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At the request of His Eminence, Archbishop Benjamin, all parishes in the Diocese of the West will be taking a special collection this Sunday to benefit the various monastic communities of our diocese:

St. John of Shanghai and San Francisco
Manton, California
http://www.monasteryofstjohn.org/

St. Barbara Monastery
Santa Paula, California

Holy Assumption Monastery
Calistoga, California

Our Lady of Kazan Skete
Santa Rosa, California

Protection of the Holy Virgin Monastery
Lake George, Colorado

Monastery of St. Macarius of Egypt (2015)

Monastery of St. John the Baptist (2017)

The following reflection on monasticism was published on pemptousia.com and is recommended reading to prepare for our efforts to assist the monastic communities of our diocese.

MONASTICISM: The Way to Perfection
by Professor Emeritus George Mantzaridis
Theological School, Aristotle University of Thessaloniki

With the advent of monasticism, a special way of life appeared in the Church, which however did not  proclaim a new morality. The Church does not have one set of moral rules for the laity and another  for monks, nor does it divide the faithful into classes according to their obligations towards God. The Christian life is the same for everyone. All Christians have in common that “their being and name is from Christ”1. This means that the true Christian must ground his life and conduct in Christ, something which is hard to do in the world.

What is difficult in the world is attempted with dedication in the monastic life. In his spiritual life the monk simply tries to do what every Christian should try to do: to live according to God’s commandments. The fundamental principles of monasticism are no different from those of the lives of all the faithful. This is especially apparent in the history of the early Church, before monasticism appeared.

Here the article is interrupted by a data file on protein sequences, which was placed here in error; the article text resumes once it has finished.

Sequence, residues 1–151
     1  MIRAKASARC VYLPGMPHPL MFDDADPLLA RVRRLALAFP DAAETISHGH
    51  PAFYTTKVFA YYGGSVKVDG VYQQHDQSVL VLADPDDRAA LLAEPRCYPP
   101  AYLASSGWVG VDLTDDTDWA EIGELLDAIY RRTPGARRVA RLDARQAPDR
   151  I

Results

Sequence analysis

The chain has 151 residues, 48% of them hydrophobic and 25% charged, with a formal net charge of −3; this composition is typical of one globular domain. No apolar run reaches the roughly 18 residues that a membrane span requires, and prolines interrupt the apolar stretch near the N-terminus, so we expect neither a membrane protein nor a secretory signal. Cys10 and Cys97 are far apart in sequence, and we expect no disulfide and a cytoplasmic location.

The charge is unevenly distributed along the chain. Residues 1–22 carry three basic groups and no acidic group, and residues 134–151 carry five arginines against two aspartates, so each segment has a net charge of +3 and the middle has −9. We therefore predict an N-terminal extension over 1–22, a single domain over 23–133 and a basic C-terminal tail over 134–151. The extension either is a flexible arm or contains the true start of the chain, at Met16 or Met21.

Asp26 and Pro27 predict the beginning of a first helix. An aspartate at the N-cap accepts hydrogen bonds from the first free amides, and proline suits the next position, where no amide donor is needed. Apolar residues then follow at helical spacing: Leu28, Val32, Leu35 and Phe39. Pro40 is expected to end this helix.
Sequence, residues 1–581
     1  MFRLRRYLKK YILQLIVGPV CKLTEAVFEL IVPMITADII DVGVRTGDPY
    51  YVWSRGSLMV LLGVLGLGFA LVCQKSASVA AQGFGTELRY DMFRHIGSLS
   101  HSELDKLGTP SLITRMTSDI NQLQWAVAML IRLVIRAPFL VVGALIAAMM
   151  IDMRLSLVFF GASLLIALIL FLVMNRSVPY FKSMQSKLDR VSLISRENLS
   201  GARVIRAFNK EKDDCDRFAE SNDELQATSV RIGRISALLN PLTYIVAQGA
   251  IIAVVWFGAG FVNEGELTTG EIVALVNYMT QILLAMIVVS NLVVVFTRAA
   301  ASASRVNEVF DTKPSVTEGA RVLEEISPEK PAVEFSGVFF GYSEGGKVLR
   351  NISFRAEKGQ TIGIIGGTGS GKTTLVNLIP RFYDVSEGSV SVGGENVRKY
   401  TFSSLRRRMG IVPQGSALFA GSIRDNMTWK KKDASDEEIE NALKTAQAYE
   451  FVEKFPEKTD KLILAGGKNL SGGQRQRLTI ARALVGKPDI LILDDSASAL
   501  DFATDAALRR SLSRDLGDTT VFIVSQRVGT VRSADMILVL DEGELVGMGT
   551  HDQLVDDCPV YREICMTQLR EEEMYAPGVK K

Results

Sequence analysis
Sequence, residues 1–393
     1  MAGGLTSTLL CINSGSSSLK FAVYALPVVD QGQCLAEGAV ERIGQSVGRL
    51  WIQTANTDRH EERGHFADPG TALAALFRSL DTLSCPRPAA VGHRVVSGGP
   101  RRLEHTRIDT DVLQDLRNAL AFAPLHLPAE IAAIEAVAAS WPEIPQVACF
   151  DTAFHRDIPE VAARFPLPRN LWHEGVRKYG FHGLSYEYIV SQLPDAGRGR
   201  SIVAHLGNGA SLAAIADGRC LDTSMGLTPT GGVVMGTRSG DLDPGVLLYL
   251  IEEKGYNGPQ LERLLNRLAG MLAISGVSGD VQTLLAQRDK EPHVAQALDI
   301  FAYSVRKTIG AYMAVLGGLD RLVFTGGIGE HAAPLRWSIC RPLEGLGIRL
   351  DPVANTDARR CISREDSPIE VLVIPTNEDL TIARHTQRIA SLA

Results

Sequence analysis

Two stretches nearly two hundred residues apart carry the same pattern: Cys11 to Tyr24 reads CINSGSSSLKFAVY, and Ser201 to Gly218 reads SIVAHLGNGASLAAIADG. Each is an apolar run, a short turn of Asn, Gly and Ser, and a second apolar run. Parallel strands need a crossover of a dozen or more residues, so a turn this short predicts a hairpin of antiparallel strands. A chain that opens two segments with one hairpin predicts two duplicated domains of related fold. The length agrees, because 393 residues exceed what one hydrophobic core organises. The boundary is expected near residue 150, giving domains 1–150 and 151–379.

In the tradition of the Church there is a clear preference for celibacy as opposed to the married state. This stance is not of course hostile to marriage, which is recognised as a profound mystery,2 but simply indicates the practical obstacles marriage puts in the way of the pursuit of the spiritual life. For this reason, from the earliest days of Christianity many of the faithful chose not to marry. Thus Athenagoras the Confessor in the second century wrote: “You can find many men and women who remain unmarried all their lives in the hope of coming closer to God”3.

The Christian life has from the very beginning been associated with self denial and sacrifice: “If any man would come after me, let him deny himself and take up his cross and follow me”4 Christ calls on us to give ourselves totally: “He who loves father or mother more than me is not worthy of me, and he who loves son or daughter more than me is not worthy of me”5.

Lastly, fervent and unceasing prayer, obedience to the elders of the Church, love of and submission to others, as well as all the essential virtues of the monastic life were cultivated by the members of the Church from its earliest days.

To read the whole article click here.

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